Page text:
Right now, there's sufficient friction the organization that what you trying to do is to take the temperature the participants and talk them down from the cliff because that's really what's going on. These people going ape-shit and it affects other people.

So you describe it without going using that language, obviously.

“I had two people in my organization that were at one another’s throats. Battle lines were starting to be drawn between your two organizations. It was going to be problematic for the health of my group. So, I sat down with each person individually to understand what their issues were, to ask questions, to make sure they had a valid hearing. One person didn't really want to open up to me which I thought was very interesting and I basically said, “hey, look. I know this is going on. So, let's get clear about this and want to understand. I'm not here to advocate for one side or the other. I'm trying to understand the merits of this and, yes, ask great questions to understand your position. Otherwise, I have to take sides with the other person.” Notice what I'm doing is flushing out a real-life situation.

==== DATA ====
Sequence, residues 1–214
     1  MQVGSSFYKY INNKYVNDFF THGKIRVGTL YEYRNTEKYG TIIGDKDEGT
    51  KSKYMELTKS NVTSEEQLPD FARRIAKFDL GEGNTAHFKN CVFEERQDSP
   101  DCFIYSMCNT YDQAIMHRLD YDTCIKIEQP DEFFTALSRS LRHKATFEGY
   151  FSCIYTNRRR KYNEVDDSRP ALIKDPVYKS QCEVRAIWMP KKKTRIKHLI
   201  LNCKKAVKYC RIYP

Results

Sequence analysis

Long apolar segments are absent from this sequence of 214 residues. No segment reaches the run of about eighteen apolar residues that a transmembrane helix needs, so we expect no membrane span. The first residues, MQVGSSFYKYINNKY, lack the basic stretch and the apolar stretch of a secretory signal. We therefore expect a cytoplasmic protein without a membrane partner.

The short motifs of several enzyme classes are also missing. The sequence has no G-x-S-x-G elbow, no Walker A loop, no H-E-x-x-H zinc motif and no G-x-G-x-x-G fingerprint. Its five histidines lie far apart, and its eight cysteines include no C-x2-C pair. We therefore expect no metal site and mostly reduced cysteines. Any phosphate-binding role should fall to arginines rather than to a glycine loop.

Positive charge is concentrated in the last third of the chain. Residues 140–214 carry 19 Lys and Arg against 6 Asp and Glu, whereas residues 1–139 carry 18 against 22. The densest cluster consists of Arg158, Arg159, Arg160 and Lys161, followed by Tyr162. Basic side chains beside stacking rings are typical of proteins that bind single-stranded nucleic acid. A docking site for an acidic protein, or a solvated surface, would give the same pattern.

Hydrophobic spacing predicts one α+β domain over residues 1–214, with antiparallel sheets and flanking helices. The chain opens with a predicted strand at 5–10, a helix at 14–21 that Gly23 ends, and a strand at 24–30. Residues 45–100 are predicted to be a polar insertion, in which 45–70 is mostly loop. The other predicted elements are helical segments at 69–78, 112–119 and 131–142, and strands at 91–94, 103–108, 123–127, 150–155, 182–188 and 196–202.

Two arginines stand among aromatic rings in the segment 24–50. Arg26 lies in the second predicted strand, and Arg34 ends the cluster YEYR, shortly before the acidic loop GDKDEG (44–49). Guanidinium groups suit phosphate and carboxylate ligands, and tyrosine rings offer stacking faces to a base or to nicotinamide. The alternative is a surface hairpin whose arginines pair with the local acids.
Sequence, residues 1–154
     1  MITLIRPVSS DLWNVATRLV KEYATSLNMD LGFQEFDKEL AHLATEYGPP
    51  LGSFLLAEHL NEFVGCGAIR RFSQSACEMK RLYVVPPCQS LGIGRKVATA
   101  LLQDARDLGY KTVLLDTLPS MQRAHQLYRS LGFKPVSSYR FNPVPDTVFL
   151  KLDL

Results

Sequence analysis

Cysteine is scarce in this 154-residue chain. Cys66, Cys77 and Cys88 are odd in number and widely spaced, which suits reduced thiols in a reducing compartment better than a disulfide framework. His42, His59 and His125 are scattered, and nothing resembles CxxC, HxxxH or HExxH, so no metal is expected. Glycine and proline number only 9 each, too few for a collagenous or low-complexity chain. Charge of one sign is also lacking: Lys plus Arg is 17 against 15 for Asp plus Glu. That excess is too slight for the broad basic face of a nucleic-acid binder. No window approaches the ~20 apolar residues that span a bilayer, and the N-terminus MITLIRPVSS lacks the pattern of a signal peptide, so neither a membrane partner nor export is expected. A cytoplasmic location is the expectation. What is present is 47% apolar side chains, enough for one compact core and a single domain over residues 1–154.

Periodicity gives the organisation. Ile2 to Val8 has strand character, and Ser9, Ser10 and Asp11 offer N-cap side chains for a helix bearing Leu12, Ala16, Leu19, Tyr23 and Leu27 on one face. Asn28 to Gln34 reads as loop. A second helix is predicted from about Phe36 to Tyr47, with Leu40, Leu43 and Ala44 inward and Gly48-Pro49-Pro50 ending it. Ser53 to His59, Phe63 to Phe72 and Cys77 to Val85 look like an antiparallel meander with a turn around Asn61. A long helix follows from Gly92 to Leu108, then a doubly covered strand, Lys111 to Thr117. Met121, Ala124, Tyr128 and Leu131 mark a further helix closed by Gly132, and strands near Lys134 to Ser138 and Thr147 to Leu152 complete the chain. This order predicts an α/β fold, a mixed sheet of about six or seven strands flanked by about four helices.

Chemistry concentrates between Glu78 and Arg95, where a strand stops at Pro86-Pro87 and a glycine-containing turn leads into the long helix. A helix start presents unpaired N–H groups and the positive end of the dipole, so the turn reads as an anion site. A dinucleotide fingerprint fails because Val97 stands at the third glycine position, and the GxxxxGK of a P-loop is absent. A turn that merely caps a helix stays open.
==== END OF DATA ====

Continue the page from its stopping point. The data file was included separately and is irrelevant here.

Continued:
Then, from there, what's the action that you took? So, in the situation, the problem existed. The objective is to find common ground. The action that you took is sitting down with the participants to understand their case and seek common ground that allows each to feel understood and respected and, then, what the result was, which is the de-escalation and actually a better solution then what was originally proposed and how that impacted the organization.

When you're hearing the phrase “tell me about a time when you,” this is a behavioral interview question and what the trying to do is listen to your history in order to find a situation that relates to the problem or the scenario that's being addressed. This is an invitation for a story that, some people, will use the STAR acronym. I like this one, SOAR, a little bit better.STAR is situation-task-action-result . For me it's SOAR. That stands for situation-objective-action-result of that action, ideally with metrics – – money saved / money earned / percentage improvement here.